To gain insight into the potential biological relationship between pediatric chordoma and TSC, we compared information on TSC-associated chordomas reported in the literature to data from a systematic population-based assessment of chordomas diagnosed in the US pediatric population up to age 18 years. The results demonstrated that age at diagnosis, primary site of presentation, and possibly outcome differed between chordomas reported in these two populations.
Incidence data in the general US population 2,18
suggest that chordoma may be diagnosed annually in fewer than 1 in 10,000,000 children under age 10 years. Therefore, the development of chordoma by age 16 in all 10 reported patients with TSC is very unusual. More striking, chordoma was diagnosed prior to age 5 in nine of these patients and by age two in seven of them. One possible explanation is that chordoma was diagnosed at a young age in some of them as a consequence of an evaluation for suspected TSC. However, chordoma presented or was diagnosed prior to recognition of TSC in all 9 patients who developed signs or symptoms from this tumor before age 5 suggesting that TSC-associated chordoma may have unusually early onset and/or extremely rapid growth.
In all patients with chordoma, the site of presentation is age dependent.2
Among children with chordoma reported to SEER, over 60% presented with intracranial chordoma, whereas only 9.4% had sacral chordoma. This pattern is in accord with reported clinical series of pediatric chordomas.30–32
In SEER, chordomas in the very young were limited exclusively to the skull base while sacral chordomas were seen only in adolescents. The anatomic location of a chordoma may affect the age at which it is diagnosed, since a slow-growing tumor would be more likely to produce symptoms earlier in the closed intracranial space compared to a tumor originating in the sacrum, regardless of the presence or absence of TSC. However, the site distribution reported thus far for TSC-associated chordoma contrasts sharply with that observed for chordoma in children reported to SEER. In the children with TSC, sacral chordomas accounted for 40% of all tumors, and all four sacral chordomas were diagnosed during the fetal or neonatal period. The early ages at diagnosis of the four TSC-associated sacral chordomas were not necessarily a consequence of increased clinical scrutiny because of suspected TSC: although sacral chordoma was diagnosed within the same time frame as TSC in three of the reported patients, it was diagnosed more than 12 years earlier than TSC in the fourth patient.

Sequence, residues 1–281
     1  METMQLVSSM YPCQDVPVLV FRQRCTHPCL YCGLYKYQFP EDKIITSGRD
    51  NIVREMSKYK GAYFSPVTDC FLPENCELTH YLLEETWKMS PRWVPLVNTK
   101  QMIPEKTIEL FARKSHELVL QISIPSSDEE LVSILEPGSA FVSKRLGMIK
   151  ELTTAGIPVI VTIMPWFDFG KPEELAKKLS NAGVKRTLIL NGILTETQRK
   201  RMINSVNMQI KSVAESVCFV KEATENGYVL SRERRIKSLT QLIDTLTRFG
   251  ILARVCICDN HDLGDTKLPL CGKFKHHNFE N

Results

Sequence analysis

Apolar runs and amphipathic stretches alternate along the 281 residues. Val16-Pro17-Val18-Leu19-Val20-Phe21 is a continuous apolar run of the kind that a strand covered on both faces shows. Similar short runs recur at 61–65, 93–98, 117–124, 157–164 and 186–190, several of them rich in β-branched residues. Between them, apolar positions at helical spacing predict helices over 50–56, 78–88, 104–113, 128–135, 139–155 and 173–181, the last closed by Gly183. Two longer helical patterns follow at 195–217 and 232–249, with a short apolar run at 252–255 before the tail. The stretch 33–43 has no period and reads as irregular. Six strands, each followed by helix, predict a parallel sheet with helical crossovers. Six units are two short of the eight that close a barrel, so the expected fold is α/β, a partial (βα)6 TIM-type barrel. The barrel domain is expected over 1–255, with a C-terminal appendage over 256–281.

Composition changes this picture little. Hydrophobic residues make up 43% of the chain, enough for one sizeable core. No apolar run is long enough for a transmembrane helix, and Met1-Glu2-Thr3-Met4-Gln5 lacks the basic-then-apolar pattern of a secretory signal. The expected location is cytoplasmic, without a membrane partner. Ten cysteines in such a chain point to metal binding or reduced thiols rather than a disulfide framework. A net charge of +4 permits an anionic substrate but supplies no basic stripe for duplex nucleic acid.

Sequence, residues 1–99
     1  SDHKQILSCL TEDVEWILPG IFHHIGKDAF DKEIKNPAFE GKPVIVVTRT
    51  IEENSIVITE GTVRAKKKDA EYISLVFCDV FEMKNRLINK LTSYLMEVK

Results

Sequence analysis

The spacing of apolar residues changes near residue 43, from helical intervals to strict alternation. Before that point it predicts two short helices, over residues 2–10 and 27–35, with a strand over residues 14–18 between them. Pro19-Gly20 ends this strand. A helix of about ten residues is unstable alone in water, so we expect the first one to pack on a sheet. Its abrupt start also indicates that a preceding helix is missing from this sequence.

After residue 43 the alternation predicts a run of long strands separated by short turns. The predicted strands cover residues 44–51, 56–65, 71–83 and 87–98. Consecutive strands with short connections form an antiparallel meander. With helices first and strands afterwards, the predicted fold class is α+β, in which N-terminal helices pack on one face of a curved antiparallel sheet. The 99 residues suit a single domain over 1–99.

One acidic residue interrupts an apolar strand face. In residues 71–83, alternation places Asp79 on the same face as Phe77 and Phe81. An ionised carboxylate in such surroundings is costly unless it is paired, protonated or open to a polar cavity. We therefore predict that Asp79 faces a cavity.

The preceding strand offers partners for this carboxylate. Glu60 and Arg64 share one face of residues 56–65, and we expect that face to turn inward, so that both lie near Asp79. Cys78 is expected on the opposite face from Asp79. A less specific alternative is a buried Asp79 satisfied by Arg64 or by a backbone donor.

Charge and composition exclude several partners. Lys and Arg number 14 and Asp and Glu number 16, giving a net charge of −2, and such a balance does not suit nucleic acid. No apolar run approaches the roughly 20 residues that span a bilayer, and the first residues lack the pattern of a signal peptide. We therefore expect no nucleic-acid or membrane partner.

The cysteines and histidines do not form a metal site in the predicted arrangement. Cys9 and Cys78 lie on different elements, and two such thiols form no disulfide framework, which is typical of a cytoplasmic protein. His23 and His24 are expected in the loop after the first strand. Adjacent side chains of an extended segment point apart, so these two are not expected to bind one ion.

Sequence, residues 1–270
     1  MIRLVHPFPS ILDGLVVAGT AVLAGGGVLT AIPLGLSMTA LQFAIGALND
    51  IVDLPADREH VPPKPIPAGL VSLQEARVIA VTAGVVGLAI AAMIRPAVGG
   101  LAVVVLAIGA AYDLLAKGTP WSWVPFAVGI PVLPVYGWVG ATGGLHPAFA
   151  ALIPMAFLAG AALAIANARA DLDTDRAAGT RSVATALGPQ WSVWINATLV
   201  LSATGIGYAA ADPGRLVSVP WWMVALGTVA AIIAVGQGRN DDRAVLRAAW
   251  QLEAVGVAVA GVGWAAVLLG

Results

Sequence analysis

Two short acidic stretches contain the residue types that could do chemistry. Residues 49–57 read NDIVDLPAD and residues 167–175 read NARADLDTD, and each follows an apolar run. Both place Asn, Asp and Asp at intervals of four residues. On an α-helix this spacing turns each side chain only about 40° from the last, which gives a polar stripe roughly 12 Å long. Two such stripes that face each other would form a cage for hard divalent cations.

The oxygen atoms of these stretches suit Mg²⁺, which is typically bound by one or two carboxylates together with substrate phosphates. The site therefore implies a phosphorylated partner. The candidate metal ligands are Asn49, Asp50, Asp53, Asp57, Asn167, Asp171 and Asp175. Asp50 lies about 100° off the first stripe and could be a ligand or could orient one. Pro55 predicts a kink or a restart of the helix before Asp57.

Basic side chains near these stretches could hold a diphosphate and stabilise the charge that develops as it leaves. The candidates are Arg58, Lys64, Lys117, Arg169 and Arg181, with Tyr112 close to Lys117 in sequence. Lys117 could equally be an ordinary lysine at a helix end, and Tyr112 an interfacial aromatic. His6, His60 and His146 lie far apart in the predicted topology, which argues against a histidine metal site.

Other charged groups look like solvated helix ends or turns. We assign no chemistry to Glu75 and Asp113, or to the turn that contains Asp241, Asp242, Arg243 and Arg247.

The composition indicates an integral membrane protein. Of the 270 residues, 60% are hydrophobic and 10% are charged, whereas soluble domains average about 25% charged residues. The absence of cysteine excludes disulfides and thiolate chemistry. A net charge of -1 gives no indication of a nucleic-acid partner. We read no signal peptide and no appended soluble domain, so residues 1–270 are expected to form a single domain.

Once diagnosed, chordoma appeared to behave differently in TSC patients compared to general pediatric patients. In SEER, median actuarial survival differed by site of presentation. Based on small numbers, patients with sacral chordoma had a median survival of 36 months compared to chordoma at other sites, for which the median had not been reached at study cutoff (> 15 years). Atypical and poorly differentiated chordomas are associated with a poor prognosis in a subset of pediatric patients;32,33
however, we were unable to assess the impact of variant histologies on outcome because these are not recorded in the SEER database. Follow-up was comparatively short for TSC patients with chordoma; however, of the four patients with sacral tumors, two were reportedly alive and free of disease at 8 and 19 years following diagnosis, respectively. Although based on very small numbers, these data suggest that sacral chordoma may have a better clinical outcome in TSC patients than in general pediatric patients.